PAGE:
During the rally out in Alice Springs in August we hit a (presumably) large rock with our left hand front wheel spinner - And since the spinner is as far outboard as you can get, the leverage forces on the steering when we hit the rock were much greater than if we had hit the rock with the wheel or any point further in board than the spinner. The resulting damage was that the toe out went quite extreme (30 + mm) - Something was obviously bent.
When we finished the stage and got a chance to inspect the damage, it was evident that the LH steering lever had been bent slightly, enough to throw the track out considerably. The two long steering rods and the longer centre steering rod were not bent - Just the cast (?) lever.
This really surprised us as we thought it would be the long rods that would have bent first. And it got us thinking - Is it normally these steering levers that bend first when the steering is hit ? Or do the longer straight rods normally bend first ? Has anyone ever broken one of the cast steering levers ? In other words, do we need to carry a spare, especially if they are "cast" and cannot be welded and mended if they break ? Or do they survivie pretty well ?
Opinions on which are the weak points of the steering would be much appreciated, especially if anyone has ever broken a steering lever rather than actually just bending it.
Appreciate your input.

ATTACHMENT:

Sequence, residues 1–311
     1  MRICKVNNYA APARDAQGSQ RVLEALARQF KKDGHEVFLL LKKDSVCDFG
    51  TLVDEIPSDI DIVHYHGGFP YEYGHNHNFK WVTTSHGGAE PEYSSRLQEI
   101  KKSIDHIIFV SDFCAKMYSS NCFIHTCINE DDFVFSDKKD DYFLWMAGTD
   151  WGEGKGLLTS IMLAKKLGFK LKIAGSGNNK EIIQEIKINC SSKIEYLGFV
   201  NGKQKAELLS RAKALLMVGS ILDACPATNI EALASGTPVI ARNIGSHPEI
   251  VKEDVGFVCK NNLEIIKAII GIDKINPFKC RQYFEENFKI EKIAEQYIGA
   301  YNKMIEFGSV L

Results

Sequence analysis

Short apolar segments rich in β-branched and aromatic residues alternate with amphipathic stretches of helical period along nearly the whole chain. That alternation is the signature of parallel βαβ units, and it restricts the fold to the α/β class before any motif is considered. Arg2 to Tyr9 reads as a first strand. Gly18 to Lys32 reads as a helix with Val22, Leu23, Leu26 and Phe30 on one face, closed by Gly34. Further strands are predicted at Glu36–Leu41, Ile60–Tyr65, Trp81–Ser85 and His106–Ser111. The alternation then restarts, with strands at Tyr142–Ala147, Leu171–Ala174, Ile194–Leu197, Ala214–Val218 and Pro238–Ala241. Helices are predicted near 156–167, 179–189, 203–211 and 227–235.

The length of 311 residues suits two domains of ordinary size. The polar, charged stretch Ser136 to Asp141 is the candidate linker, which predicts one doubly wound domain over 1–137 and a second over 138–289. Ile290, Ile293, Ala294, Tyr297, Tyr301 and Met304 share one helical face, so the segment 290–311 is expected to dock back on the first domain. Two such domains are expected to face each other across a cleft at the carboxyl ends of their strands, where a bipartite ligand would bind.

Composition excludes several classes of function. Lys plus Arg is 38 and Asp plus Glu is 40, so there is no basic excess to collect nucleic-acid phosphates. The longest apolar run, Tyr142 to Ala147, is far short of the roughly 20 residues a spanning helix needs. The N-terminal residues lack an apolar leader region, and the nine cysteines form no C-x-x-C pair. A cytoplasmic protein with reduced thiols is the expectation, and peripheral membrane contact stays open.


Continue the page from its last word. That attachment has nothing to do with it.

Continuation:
Giles



https://austin-healeypekingtoparis2019.blogspot.com.au/
https://www.facebook.com/austin.healey.73113?


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Qldelsie Silver Member Giles Cooper
Benowa, Queensland, Australia   AUS
Another technical question !
We are looking at carrying a Davies Craig electrical water pump with us as a spare in case of any water pump issues en route. The idea would be that we could just plumb it into the water hose if we need to.
We are looking at the EWP115 model which pumps up to 30.4 gals / 115 litres per minute. (Note, these are imperial gallons !!) Davies Craig Water Pumps
I have been trying to find out what the approximate flow rate is of a standard water pump but can't find anything. I realise that the output is dependent upon engine (and therefore pump) speed, but surely there should be a known flow rate at X or Y rpm ?
Anyone know what the standard water pump flow rate is ?
Thanks,
Giles



https://austin-healeypekingtoparis2019.blogspot.com.au/
https://www.facebook.com/austin.healey.73113?

Michael S Avatar
Michael S Michael Salter
Dwight, ON, Canada   CAN
I know I'm not answering your question but one thing to consider which you may have already done.
The most likely failure of the water pump is of the seals of bearings.
If that happens you will have to remove and disassemble the pump try to block all the holes in the casting and refit it before the electric pump will do you any good.
Maybe you should install the electric one from the get go as the repro pumps, which is probably what you are using, do not have a great reputation for reliability.



Michael Salter
Technical Chairman (Big Healeys)
Austin Healey Concours Committee